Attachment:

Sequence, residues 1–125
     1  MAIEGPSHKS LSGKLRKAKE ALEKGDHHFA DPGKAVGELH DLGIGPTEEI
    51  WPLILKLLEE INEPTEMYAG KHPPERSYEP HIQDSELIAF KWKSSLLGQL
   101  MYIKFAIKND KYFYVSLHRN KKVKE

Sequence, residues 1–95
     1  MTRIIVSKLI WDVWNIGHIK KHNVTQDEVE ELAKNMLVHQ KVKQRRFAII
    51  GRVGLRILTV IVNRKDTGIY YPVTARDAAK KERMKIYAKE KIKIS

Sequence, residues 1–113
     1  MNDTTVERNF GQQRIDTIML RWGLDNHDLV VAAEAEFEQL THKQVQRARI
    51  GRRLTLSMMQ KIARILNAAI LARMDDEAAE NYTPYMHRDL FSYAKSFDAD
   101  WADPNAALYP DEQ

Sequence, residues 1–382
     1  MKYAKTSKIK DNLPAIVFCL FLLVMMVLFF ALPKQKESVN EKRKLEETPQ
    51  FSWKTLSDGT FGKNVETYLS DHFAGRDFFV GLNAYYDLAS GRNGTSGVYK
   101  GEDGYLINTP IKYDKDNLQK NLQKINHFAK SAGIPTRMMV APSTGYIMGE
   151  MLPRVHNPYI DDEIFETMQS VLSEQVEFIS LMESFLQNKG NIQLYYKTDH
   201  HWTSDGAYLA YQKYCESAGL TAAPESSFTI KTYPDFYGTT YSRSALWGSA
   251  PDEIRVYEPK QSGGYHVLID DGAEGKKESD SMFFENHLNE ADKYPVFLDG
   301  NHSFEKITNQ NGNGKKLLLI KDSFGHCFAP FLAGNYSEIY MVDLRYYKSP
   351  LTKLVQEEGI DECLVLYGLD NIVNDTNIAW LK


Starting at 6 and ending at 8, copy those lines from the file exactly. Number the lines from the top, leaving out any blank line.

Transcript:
     1  MTRIIVSKLI WDVWNIGHIK KHNVTQDEVE ELAKNMLVHQ KVKQRRFAII
    51  GRVGLRILTV IVNRKDTGIY YPVTARDAAK KERMKIYAKE KIKIS

Sequence, residues 1–113